A dispute Wednesday night at the Surfside Club escalated into a physical clash between the owner and a local artist, with the owner firing a gunshot.

No citations have been issued against either person, but the Douglas County Sheriff’s Office thinks that both men could have made different decisions. The incident has created an uproar on social media after a 10-second video of part of the altercation was posted on Instagram.

The confrontation occurred on Surfside’s property, just north of Omaha next to the Missouri River. The restaurant is a popular summertime destination.

In the incident, Surfside owner Mike Walker ordered LaMar Barber, a painter and resident artist at Fontenelle Forest who goes by his last name, to leave the property. When Barber didn’t do so immediately, things escalated.

The men’s accounts of what happened differ.

Barber, who has a studio space at Neale Woods, just west of the restaurant, said he drove with his dog and stopped near the boating docks by the restaurant. He said he wanted to look at the water for inspiration for the blue part of his painting and skipped rocks near a vacant lot for about 20 minutes.

When he headed back to the car, he noticed two people from the restaurant walking toward him. He said he couldn’t tell what they were saying but saw them aggressively waving. Barber said he “kindly” waved back to them.

Walker said his employees asked Barber to leave but he refused. He later told deputies that Barber said, “I will leave when I (expletive) want to.”

“He was in an unauthorized area. We have a flooding situation there,” Walker said. “I have rules with my company that will be followed. That’s just it.”

Barber said that after the initial exchange, he stopped near the boat loading dock and skipped a few more rocks, and Walker approached in a truck.

Barber said Walker told him that he had paid for the rocks and didn’t want them in the river, and to leave.

Barber skipped one more rock. Then, according to Barber, Walker lunged at him and shoved him. Barber said he pushed back.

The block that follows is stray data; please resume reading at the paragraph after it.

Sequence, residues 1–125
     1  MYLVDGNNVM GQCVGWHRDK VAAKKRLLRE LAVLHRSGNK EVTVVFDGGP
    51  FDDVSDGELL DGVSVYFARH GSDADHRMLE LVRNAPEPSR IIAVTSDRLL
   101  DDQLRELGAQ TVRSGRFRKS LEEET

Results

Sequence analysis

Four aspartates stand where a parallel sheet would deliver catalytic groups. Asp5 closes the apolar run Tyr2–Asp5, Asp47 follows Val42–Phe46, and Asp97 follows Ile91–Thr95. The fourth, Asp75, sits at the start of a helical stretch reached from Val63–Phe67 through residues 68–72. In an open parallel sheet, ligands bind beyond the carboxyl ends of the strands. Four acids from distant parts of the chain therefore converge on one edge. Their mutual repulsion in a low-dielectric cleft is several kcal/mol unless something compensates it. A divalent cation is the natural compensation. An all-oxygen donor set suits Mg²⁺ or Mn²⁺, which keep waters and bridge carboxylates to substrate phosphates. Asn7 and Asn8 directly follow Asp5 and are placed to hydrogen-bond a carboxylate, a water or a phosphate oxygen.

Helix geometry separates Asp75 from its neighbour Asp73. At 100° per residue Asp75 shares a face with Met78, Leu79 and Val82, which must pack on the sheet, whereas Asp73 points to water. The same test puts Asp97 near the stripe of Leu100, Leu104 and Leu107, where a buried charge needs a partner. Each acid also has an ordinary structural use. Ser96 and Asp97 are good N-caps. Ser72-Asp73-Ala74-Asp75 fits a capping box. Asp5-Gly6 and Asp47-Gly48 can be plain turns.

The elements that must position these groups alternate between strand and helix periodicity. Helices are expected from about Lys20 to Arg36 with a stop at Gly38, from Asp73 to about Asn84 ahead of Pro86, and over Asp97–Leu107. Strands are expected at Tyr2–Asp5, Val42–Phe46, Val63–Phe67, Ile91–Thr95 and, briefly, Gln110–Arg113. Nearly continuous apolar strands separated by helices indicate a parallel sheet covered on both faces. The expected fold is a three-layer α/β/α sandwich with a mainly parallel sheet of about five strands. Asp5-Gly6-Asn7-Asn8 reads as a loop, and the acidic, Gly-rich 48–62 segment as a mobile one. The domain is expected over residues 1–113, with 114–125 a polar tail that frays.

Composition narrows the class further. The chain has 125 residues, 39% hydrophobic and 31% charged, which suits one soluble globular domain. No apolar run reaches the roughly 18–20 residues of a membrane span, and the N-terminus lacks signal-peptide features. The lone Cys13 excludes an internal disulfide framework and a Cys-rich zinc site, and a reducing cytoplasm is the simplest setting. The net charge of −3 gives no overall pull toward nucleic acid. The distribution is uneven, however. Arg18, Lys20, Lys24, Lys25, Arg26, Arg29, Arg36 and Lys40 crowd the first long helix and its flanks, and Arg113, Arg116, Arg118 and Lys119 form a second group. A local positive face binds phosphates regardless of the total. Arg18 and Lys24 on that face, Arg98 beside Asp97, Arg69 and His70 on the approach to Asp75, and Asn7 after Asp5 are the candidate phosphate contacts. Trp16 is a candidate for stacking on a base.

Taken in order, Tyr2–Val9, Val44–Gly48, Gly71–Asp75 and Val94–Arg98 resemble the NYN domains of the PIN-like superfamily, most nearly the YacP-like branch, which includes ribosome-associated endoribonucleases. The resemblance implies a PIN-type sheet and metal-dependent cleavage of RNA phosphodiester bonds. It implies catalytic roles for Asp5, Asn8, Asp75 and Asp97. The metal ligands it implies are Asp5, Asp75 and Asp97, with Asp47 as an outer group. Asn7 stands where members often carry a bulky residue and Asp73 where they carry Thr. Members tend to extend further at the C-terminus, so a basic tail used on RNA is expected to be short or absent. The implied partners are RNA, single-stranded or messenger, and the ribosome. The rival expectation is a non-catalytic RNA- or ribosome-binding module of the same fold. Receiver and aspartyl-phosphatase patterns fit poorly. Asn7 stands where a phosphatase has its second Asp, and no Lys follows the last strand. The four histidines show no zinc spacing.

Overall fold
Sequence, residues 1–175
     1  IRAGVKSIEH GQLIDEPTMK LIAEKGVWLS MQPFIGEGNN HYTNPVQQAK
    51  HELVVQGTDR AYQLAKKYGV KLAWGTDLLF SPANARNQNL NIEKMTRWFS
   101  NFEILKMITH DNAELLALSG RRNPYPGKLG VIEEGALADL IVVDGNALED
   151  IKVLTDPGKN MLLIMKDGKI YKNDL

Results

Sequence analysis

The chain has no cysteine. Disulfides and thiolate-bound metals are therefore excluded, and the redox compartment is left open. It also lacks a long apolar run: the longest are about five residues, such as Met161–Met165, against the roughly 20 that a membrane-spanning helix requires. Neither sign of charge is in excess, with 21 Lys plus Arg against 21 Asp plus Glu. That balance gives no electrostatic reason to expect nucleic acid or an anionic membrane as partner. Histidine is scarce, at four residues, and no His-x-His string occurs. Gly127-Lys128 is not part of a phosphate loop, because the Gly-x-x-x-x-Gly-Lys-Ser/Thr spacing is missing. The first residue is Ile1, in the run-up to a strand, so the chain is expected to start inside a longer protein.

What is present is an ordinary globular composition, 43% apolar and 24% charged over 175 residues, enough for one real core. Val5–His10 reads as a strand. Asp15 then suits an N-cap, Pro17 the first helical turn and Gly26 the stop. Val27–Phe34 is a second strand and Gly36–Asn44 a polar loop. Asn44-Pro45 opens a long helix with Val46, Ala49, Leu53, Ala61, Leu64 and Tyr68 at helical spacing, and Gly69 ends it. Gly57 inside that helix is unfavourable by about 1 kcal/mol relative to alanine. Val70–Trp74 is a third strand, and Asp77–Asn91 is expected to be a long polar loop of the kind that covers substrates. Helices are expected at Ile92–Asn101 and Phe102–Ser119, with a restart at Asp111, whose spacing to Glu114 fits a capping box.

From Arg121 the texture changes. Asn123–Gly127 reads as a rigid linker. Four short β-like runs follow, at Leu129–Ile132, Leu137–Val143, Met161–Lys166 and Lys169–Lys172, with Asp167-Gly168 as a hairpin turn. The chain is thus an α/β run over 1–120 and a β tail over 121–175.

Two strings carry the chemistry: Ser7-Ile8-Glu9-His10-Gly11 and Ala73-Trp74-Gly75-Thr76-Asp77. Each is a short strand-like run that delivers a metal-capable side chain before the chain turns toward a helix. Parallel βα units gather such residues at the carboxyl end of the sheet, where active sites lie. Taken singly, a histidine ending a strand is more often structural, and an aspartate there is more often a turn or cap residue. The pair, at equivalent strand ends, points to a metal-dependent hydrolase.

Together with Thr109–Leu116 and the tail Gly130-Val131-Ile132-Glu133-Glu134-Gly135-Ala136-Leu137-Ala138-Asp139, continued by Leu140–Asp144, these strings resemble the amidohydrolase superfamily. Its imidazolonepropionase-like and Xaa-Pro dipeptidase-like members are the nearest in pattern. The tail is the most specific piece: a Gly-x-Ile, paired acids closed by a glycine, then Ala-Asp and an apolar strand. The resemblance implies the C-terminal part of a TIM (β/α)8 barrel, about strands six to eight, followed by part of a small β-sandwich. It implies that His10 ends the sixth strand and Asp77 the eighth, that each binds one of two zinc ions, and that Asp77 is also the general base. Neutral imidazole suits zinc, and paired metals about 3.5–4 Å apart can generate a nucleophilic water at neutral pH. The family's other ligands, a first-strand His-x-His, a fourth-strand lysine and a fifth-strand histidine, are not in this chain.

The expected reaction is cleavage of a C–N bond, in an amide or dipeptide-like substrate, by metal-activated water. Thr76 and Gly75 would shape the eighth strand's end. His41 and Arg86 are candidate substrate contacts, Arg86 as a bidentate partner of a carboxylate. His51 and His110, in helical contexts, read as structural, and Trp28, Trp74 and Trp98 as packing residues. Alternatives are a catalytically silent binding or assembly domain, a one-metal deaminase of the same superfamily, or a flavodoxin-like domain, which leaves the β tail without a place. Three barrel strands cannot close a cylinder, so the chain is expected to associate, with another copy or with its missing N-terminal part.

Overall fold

According to a statement on the restaurant’s Facebook page, Barber “threatened Mr. Walker with his life.” Walker said Barber attacked him first.

Walker grabbed a gun from his truck, pointed it at Barber, and shot toward the ground, Barber said.

Walker told Douglas County sheriff’s deputies that he fired after Barber advanced toward him, asking Walker to shoot him.

According to Walker’s account to deputies, Barber started to leave after the shot was fired.

But Barber said the argument continued.

“I’m not about to turn my back and walk away from a guy who’s got a gun on me,” he said.

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At some point, Barber did walk toward his car with his dog. Another employee approached Barber and said he was calling the police. Barber got into his car and recorded the short video.

The video, which has been viewed thousands of times, shows Walker pointing a gun at Barber, apparently thinking that Barber was armed, too. “Do not even (expletive) point a (expletive) gun at me,” Walker says.

Barber responds, “I ain’t got a gun, I got a camera. I got a camera. I’m posting you on Instagram.” Then the video cuts off.

Barber claims that Walker then said, “Get out of here, (n-word),” just after the video ended. Walker denies that.

“Making this a racial incident is anything but true,” according to Surfside’s statement. “I have a company to run and thousands of customers that all expect the same treatment.”

Douglas County sheriff’s deputies were called to the restaurant at 8:11 p.m. and spoke to Walker, Barber, employees and restaurant patrons.

On Wednesday night, Walker declined to press charges against Barber for trespassing, but he said in an interview Friday that he was reconsidering that.

Sheriff’s Capt. Wayne Hudson said he spoke to the City Prosecutor’s Office, which reviewed the information in the deputies’ reports.

“There is plenty of decision-making that probably could have been done differently,” Hudson said. “Once (Barber) was asked to leave the property, he should have left the property. The owner probably should have just called 911, returned to his truck and let us respond to remove the man, without him involving a weapon.”

Barber said he doesn’t plan to return to the restaurant or the area nearby.

“I’ve been 30-plus years in this black body; I know what racism feels like,” he said.

Walker denied charges of racism and said the situation was upsetting because he’s just trying to run his business.

“I’ve gotten 500 hits on my website, vicious attacks from people I don’t even know,” he said.

Alia Conley covers breaking news, crime, crime trends, the Omaha Police Department and initial court hearings. Follow her on Twitter @aliavalentine. Phone: 402-444-1068.

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